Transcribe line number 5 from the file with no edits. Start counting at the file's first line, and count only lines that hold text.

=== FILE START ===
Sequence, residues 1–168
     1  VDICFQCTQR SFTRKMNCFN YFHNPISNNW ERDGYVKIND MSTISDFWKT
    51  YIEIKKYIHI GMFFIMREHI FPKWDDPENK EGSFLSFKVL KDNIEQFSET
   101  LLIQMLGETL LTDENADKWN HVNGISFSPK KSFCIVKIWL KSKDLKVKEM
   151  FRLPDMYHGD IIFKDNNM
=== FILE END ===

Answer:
   151  FRLPDMYHGD IIFKDNNM